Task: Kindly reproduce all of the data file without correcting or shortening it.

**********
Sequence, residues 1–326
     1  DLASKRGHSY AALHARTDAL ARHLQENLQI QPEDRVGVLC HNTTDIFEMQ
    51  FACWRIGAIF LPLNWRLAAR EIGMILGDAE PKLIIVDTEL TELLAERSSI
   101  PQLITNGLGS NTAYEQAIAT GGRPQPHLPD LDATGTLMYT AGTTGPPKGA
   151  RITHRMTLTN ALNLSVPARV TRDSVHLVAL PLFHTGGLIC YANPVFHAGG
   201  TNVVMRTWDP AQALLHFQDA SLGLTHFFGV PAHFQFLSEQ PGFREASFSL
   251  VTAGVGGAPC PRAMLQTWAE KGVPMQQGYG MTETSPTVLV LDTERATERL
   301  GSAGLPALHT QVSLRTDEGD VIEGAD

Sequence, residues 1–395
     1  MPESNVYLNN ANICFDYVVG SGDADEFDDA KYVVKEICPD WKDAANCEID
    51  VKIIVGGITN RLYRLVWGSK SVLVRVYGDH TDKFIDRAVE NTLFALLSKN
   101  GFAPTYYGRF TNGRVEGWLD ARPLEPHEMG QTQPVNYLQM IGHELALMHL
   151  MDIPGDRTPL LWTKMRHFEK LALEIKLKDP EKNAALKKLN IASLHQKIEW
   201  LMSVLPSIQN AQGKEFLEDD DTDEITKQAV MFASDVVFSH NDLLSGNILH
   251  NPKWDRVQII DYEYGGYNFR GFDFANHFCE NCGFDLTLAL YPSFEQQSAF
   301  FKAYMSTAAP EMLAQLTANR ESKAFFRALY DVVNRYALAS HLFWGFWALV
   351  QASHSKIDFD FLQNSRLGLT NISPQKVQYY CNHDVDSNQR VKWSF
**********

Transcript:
Sequence, residues 1–326
     1  DLASKRGHSY AALHARTDAL ARHLQENLQI QPEDRVGVLC HNTTDIFEMQ
    51  FACWRIGAIF LPLNWRLAAR EIGMILGDAE PKLIIVDTEL TELLAERSSI
   101  PQLITNGLGS NTAYEQAIAT GGRPQPHLPD LDATGTLMYT AGTTGPPKGA
   151  RITHRMTLTN ALNLSVPARV TRDSVHLVAL PLFHTGGLIC YANPVFHAGG
   201  TNVVMRTWDP AQALLHFQDA SLGLTHFFGV PAHFQFLSEQ PGFREASFSL
   251  VTAGVGGAPC PRAMLQTWAE KGVPMQQGYG MTETSPTVLV LDTERATERL
   301  GSAGLPALHT QVSLRTDEGD VIEGAD

Sequence, residues 1–395
     1  MPESNVYLNN ANICFDYVVG SGDADEFDDA KYVVKEICPD WKDAANCEID
    51  VKIIVGGITN RLYRLVWGSK SVLVRVYGDH TDKFIDRAVE NTLFALLSKN
   101  GFAPTYYGRF TNGRVEGWLD ARPLEPHEMG QTQPVNYLQM IGHELALMHL
   151  MDIPGDRTPL LWTKMRHFEK LALEIKLKDP EKNAALKKLN IASLHQKIEW
   201  LMSVLPSIQN AQGKEFLEDD DTDEITKQAV MFASDVVFSH NDLLSGNILH
   251  NPKWDRVQII DYEYGGYNFR GFDFANHFCE NCGFDLTLAL YPSFEQQSAF
   301  FKAYMSTAAP EMLAQLTANR ESKAFFRALY DVVNRYALAS HLFWGFWALV
   351  QASHSKIDFD FLQNSRLGLT NISPQKVQYY CNHDVDSNQR VKWSF